A type I hypersensitive reaction is induced by certain types of antigens referred to as allergens, and has all the hallmarks of a normal humoral response. That is, an allergen induces a humoral antibody response by the same mechanisms as described in Chapter 11 for other soluble antigens, resulting in the generation of antibody-secreting plasma cells and memory cells. What distinguishes a type I hypersensitive response from a normal humoral response is that the plasma cells secrete IgE. This class of antibody binds with high affinity to Fc receptors on the surface of tissue mast cells and blood basophils. Mast cells and basophils coated by IgE are said to be sensitized. A later exposure to the same allergen cross-links the membrane-bound IgE on sensitized mast cells and basophils, causing degranulation of these cells (Figure 16-2). The pharmacologically active mediators released from the granules act on the surrounding tissues. The principal effects—vasodilation and smooth-muscle contraction—may be either systemic or localized, depending on the extent of mediator release.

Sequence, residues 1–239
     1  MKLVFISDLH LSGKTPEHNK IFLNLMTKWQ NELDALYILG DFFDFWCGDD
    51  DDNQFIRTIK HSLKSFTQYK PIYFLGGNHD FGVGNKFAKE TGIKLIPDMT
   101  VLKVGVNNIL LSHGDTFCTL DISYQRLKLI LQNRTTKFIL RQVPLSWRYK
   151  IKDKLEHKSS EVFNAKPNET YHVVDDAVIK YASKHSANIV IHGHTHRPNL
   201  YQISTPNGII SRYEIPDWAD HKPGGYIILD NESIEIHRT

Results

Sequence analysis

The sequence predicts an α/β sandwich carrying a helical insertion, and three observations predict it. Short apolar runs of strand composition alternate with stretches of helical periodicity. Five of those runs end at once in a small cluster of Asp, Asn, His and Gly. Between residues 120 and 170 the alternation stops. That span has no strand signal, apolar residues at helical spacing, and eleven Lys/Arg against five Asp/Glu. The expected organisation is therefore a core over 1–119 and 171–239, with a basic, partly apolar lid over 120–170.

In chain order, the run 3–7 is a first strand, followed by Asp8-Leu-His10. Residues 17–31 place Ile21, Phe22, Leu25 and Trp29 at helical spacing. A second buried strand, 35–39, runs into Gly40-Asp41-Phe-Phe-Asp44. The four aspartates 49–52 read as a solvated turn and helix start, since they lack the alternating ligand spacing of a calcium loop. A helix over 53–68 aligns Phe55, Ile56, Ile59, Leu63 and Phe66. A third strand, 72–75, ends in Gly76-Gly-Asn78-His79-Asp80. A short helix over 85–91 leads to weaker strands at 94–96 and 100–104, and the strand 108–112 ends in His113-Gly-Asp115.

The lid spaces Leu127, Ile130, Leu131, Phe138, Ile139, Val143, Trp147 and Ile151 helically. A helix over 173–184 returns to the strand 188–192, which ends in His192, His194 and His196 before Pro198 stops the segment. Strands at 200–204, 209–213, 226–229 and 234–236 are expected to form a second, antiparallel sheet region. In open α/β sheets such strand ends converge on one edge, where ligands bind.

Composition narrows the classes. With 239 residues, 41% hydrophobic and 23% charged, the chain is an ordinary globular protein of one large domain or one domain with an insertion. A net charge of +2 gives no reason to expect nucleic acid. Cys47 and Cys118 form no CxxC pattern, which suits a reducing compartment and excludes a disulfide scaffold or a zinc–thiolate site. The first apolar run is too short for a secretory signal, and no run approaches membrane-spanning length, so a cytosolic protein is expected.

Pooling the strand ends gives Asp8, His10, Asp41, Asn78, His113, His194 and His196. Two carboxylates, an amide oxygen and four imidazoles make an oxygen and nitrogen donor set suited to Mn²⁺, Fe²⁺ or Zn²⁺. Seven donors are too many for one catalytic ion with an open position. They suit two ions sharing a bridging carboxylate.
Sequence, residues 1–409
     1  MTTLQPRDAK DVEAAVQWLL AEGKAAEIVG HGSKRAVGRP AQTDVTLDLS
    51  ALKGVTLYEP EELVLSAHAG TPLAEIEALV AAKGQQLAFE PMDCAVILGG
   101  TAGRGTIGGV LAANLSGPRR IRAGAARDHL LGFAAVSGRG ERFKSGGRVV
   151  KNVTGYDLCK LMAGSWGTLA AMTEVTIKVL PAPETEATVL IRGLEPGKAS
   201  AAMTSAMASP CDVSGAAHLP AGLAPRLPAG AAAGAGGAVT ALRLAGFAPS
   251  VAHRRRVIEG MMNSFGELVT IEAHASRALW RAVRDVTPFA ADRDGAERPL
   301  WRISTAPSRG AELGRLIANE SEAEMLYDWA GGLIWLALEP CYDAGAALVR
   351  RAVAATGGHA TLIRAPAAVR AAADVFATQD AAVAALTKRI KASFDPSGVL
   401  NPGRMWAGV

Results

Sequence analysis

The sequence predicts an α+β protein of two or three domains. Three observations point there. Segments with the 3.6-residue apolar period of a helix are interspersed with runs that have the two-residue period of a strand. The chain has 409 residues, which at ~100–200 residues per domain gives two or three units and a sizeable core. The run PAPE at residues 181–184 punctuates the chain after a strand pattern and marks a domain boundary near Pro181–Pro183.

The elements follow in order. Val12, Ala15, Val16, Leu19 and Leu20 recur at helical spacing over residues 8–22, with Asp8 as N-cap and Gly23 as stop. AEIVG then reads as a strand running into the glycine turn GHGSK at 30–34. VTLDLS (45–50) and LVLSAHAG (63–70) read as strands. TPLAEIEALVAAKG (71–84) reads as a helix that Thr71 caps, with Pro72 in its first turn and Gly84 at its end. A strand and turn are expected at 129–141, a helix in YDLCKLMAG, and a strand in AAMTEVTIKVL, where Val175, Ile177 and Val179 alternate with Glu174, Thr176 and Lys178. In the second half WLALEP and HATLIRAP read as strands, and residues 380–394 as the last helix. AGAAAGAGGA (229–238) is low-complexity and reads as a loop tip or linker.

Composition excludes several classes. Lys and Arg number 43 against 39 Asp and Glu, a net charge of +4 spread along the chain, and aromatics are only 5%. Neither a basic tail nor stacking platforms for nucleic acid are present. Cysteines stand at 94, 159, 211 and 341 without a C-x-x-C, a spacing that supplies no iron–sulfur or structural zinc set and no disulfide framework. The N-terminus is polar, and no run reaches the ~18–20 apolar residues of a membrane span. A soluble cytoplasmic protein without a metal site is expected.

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This ebook provides an introductory explanation of the workings of the human body, with an effort to draw connections between the body systems and explain their interdependencies. A framework for the book is homeostasis and how the body maintains balance within each system. This is intended as a first introduction to physiology for a college-level course.